Reflections on Wisdom – Ecclesiastes 12

Read the Passage: Ecclesiastes 12

Wisdom and Aging (12:1–5)

In Eccl. 11:9–10 Solomon began a discussion about the relationship between divine wisdom and aging. Somewhat surprisingly, in this passage Solomon actually commands joy among his readers. While we don’t usually conceive of joy being a trait or an emotion that can be commanded, we do see this exhortation elsewhere in Scripture (cf. Deut. 28:47–28; Phil. 4:4). In these verses Solomon exhorts his readers to rejoice, especially in their youth. The idea here is that it is often easier to be joyful in youth, before the effects of sin are felt upon one’s body, mind, and life. Furthermore, the reference to God’s judgment in Eccl. 11:9 seems to imply that mankind will be held accountable for his enjoyment of life in God’s good world. Indeed, we dare not neglect this divine duty to enjoy life, especially in the time of youth, for failure to do so may result in judgment.

In Eccl. 12:1 Solomon summarizes his earlier discussion from Eccl. 11:7–10 with a clear command, writing, “Remember now your Creator in the days of your youth.” Next, in Eccl. 12:2–5 Solomon uses the image of a dilapidated house, as well as certain events in nature, to illustrate the aging process. The intent here is to enforce the principle of enjoying God in one’s youth; yet, note that youth is somewhat of a relative concept, for tomorrow everyone will be one day older. Therefore, the exhortation to enjoy God in one’s youth could be paraphrased as, “Enjoy God today.” Some of the images Solomon employs in this passage include: the keepers of the house, which are the arms; the strong men, which are the legs; the grinders, which are the teeth; the windows, which are the eyes; the doors, which are the lips; and rising up at the sound of a bird, which refers to light sleep.

Wisdom and Death (12:6–8)

In concluding his discussion about aging, at Eccl. 12:5 Solomon refers to the death of all people and man going to his “eternal home, and the mourners go[ing] about the streets.” Next, in Eccl. 12:6–8 Solomon discusses mankind’s death in more detail. Observe that just as he had used the image of an old house to illustrate aging in Eccl. 12:2–5, so here in Eccl. 12:6 Solomon uses images of brokenness and ruin to illustrate death. In this passage Solomon refers to a loosed cord, a cracked bowl, a shattered pitcher, and a broken wheel. Since he had mentioned God as Creator in Eccl. 12:1, here in Eccl. 12:7 Solomon again refers to the creation narrative from Genesis 1–3 as he writes about man returning to dust at his death (cf. Gen. 3:19). Finally, at Eccl. 12:8, for the thirty-eighth time in the book of Ecclesiastes, Solomon refers to the vanity of life, as he observes, “Vanity of vanities . . . all is vanity.”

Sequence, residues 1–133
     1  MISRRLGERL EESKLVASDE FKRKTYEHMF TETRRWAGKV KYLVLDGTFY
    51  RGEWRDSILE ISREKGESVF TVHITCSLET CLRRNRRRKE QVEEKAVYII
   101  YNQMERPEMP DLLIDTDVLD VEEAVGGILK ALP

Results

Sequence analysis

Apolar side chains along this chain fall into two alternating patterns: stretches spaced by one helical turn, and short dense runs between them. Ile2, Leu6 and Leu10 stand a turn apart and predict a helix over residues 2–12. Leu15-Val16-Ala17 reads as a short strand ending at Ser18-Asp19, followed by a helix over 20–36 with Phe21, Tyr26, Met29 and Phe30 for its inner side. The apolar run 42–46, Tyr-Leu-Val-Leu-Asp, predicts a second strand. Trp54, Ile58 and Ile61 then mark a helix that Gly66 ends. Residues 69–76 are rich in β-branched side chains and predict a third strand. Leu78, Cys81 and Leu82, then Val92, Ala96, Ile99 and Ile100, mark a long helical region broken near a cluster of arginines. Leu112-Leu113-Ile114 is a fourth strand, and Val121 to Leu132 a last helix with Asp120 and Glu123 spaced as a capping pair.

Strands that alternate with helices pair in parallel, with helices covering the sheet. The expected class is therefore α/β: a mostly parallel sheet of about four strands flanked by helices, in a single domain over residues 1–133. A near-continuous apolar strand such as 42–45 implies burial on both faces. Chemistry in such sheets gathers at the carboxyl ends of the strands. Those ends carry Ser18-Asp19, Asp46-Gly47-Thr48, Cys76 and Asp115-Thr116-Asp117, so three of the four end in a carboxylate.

Wisdom and God (12:9–14)

Eccl. 12:9–12 serves as a summary of the events of Solomon’s investigation, while Eccl. 12:13–14 is a summary of the content of Solomon’s investigation. In beginning this passage, we are told that “the Preacher . . . set in order many proverbs” (Eccl. 12:9). This claim helps to identify Solomon as “the Preacher,” for he is the author of the book of Proverbs. Moreover, 1 Kings 4:23 says, “Solomon spoke three thousand proverbs, and his songs were one thousand and five.” Next, in Eccl. 12:11–12 Solomon gives the reader two admonitions. First, we are encouraged to listen to the words of scholars, which includes the book of Ecclesiastes (cf. Eccl. 12:11). Second, we are warned, “Of making many books there is no end, and much study is wearisome to the flesh” (Eccl. 12:12). The idea here seems to be that seeking earthly wisdom is a fruitless and never-ending pursuit.

The last two verses in this book, Eccl. 12:13–14, summarize the content of the previous twelve chapters. Here Solomon writes, “Fear God and keep His commandments, for this is man’s all. For God will bring every work into judgment, including every secret thing, whether good or evil.” The result, then, of Solomon’s investigation into life under the sun (cf. Eccl. 1:13; 7:25; 8:16–17) can be summarized with seven observations: (1) life is vanity—that is, the duration of life is short, the meaning of life is futile, and the actions of life are repetitive; (2) the pleasures of this world will not ultimately satisfy; (3) in the near term, life under the sun is not always just; (4) life goes better if it is marked by wisdom rather than by foolishness; (5) life cannot be planned in detail in advance, for man cannot know the future; (6) life must be characterized by the fear of God; and (7) God will judge all the works of man.

Application Questions:

  1. Is the idea that joy is a Christian duty, which is commanded by God, a new idea for you? How can we better manifest joy in our lives?
  2. What types of things can the church do in order to encourage enjoyment of God?
  3. How can we use the message of Solomon in the book of Ecclesiastes in order to prepare people to hear the gospel?
  4. Have you ever felt the weariness that comes from pursuing wisdom in the fallen world apart from Christ? What led you to pursue Jesus?
  5. How would you summarize the message of the book of Ecclesiastes? Is the message of this book encouraging or discouraging to you?

Published by

David W. Jones

David W. Jones is a professor and author working in the field of Christian Ethics. You can following him on Twitter @ethicist.